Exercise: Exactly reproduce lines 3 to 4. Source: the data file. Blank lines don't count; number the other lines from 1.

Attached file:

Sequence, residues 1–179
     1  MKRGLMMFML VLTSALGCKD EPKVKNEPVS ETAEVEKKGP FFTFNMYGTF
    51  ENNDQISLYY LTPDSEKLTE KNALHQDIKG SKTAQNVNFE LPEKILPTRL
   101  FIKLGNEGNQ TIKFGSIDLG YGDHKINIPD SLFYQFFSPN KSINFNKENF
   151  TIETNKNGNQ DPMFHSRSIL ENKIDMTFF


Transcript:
    51  ENNDQISLYY LTPDSEKLTE KNALHQDIKG SKTAQNVNFE LPEKILPTRL
   101  FIKLGNEGNQ TIKFGSIDLG YGDHKINIPD SLFYQFFSPN KSINFNKENF